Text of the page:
My mother's Breaux bloodlines were similarly French, but her roots were more populist, springing from the Acadians ("Cajuns") who -- as an agrarian people -- had a long history of working the fields with their slaves and building inclusive lives with many marriages that overwhelmed even the restrictions of slavery and were sanctioned by the Catholic Church. My greatgrandmother Leontine Breaux Allen's parents were a Cajun planter, Edouard Breaux, and his slave and long time partner in the fields, Celeste "of no last name" (according to their marriage license written in French and hanging on the wall of my study). I am an American. Pure and simple. How dare anyone think otherwise?
Small wonder that -- armed with this sense of pride -- resettled Creoles along with earlier settlers from many black cultures from Haiti, the Carolinas, Caribbean Islands, Cuba, and elsewhere created a multiplicity of languages, cuisines, arts and music which provided us with a rich social environment outside of the mainstream. I knew of the terms, Geechee and Gullah without any notion of what the words meant.
We were ill-equipped to deal with the ugliness of racism that descended upon us with the Declaration of War in 1941. We simply didn't feel "less than." Up to that time we were probably under the impression that we were grouped together as a large affinity group that simply preferred its own company! We really didn't feel particularly envious of our non-black friends who were for the most part second generation Portuguese, German, Greek, Italian, Irish, Japanese, Russian, Chinese, also from working-class families with their own special cultural events and facilities that honored those things their parents had brought with them from other lands. Sarah had her B'nai Brith and Hadassah, Maria had her Columbus Day at the Holy Ghost Hall on 71st Avenue, beautiful little Lillian Oka and her colorful lacquered fans and paper parasols had her celebrations to the Japanese Sun Goddess, Amaterasu, -- and we had our Linden Street (black) YWCA, we had Ella, Duke Ellington; the magnificent and unconquerable, "Brown Bomber", Joe Louis; the Black baseball barnstormers and so much more. Each group retreated into its own culture when schools closed at 3 o'clock and "real life" began. It meant little more than that. We hadn't yet entered the worlds of contrived "Multiculturalism." or the strident calls for "Black Power."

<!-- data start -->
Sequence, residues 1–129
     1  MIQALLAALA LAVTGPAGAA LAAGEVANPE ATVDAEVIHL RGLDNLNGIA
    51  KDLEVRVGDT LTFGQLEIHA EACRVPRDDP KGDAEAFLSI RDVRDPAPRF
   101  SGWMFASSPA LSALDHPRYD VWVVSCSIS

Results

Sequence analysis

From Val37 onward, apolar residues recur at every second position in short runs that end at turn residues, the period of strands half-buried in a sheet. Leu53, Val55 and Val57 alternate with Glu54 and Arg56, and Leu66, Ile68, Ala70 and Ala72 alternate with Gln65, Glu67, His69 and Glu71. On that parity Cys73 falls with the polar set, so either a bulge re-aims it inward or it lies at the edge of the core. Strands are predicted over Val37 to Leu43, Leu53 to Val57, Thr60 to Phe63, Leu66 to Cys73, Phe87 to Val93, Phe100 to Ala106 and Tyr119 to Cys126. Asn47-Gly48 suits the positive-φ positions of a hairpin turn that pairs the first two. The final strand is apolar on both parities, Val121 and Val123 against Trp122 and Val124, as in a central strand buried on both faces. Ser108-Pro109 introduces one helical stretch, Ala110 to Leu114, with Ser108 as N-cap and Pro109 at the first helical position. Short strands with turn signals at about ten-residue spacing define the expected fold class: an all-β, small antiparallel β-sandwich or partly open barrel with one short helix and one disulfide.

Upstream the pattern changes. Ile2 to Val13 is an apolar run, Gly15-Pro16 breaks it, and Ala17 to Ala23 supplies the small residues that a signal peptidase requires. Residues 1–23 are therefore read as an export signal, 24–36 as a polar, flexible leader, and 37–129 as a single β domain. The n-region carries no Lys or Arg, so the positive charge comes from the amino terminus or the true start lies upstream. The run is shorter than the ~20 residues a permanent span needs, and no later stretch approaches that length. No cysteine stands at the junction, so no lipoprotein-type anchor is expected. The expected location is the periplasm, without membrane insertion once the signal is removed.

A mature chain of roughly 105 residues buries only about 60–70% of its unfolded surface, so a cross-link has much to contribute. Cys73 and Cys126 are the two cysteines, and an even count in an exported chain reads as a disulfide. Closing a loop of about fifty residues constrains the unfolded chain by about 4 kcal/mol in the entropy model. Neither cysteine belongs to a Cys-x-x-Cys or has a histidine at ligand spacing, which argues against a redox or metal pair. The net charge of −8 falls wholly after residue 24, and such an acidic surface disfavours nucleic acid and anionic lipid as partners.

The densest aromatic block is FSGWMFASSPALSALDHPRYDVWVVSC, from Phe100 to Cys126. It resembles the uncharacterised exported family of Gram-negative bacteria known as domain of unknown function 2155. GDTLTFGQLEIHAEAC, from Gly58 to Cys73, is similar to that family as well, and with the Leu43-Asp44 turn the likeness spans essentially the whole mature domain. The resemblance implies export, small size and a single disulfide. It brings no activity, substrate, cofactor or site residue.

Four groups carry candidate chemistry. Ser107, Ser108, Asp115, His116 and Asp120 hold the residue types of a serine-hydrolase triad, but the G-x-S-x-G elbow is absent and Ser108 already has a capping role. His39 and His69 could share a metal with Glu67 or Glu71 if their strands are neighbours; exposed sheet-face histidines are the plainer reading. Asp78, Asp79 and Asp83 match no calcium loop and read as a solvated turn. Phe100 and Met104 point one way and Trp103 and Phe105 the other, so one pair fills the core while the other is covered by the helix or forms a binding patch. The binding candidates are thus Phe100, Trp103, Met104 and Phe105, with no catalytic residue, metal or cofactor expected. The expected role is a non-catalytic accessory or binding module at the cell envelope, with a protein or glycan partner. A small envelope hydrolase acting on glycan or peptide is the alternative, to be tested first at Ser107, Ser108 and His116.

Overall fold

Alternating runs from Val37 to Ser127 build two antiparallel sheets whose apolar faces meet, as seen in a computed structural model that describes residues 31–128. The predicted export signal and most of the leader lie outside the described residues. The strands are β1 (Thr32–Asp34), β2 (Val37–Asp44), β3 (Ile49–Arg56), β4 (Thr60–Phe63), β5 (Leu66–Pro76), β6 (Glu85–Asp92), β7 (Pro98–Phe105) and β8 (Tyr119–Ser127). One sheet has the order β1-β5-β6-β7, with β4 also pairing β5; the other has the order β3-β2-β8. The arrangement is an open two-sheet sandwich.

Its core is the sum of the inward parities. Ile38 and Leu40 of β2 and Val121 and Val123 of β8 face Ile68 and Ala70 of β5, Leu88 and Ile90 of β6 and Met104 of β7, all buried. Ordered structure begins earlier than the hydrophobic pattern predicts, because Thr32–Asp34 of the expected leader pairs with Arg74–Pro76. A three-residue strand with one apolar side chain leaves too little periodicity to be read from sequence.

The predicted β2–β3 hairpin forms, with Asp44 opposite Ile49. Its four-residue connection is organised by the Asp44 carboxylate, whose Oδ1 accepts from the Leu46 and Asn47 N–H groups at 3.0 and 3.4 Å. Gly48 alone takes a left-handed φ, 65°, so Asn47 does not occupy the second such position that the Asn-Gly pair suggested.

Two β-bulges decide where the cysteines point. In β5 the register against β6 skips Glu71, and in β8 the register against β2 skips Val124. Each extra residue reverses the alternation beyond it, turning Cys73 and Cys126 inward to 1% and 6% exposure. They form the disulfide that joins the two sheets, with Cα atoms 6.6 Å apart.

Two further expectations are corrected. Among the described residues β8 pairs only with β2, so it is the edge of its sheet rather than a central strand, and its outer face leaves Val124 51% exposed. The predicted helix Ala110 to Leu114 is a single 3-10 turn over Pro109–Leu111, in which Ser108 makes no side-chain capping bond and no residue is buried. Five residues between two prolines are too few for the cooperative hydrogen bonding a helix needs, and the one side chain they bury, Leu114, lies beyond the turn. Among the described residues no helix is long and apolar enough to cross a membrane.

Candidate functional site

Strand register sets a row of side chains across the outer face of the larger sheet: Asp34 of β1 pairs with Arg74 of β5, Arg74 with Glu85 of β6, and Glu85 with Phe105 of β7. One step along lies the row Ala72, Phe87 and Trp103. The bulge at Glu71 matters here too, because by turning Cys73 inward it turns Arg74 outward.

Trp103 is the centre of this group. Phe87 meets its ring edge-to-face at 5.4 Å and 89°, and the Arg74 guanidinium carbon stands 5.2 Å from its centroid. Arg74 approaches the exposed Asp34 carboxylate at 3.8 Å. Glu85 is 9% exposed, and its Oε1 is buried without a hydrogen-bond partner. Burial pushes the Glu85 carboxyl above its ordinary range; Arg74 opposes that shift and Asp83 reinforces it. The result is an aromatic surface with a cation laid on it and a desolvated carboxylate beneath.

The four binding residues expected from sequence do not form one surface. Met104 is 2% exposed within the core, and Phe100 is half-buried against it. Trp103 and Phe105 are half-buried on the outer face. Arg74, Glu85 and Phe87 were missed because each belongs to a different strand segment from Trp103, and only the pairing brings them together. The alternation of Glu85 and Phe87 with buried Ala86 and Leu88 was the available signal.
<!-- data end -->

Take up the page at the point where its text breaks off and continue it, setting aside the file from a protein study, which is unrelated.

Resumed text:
It might have taken an additional 30 years for the cauldron of crippling racial hatred to spill over into the Sixties Civil Rights Revolution had it depended upon those of us already settled in the West and for whom life was at least tolerable. We were radicalized by those black folks who dragged us kicking and screaming in various states of denial when they migrated west to answer the nation's call for home front workers to fulfill the wartime labor demands -- and by so doing -- to make a better lives for themselves and their children, and ultimately -- for us all. It was they who gradually ignited the fires of protest for full equality over the 20 years following World War II when life failed to live up to its promises.
In my post mortem this dawn, I was suddenly aware of how insulated I'd been as a child -- having been allowed the privilege of growing up as any other second-generation American with full expectations that I, too, would someday move into the mainstream and take my place beside my second-generation peers of other races and cultures. It was ordained in the stars and guaranteed by my diploma from Castlemont high school.
World War II was a crushing blow to those dreams, but it failed to fully quench the fires of pride and arrogance that gave us the belief that we were equal to anybody; that we could be the Tuskegee Airmen and the heroic 761st Tank Battalion which -- with General George Patton, led the Battle of the Bulge -- ; that we black women could fly the planes (like Bessie Coleman) and develop the powers of blood plasma as did Dr. Charles Drew, etc. Fortunately for the nation, we prevailed after a fashion and 20 years of ardent and perilous protest with Dr. King and Rosa Parks. And that (in the case of my young 4th generation California-born husband, Mel Reid) we could refuse to be messmen in the US Navy when we volunteered to fight for this country!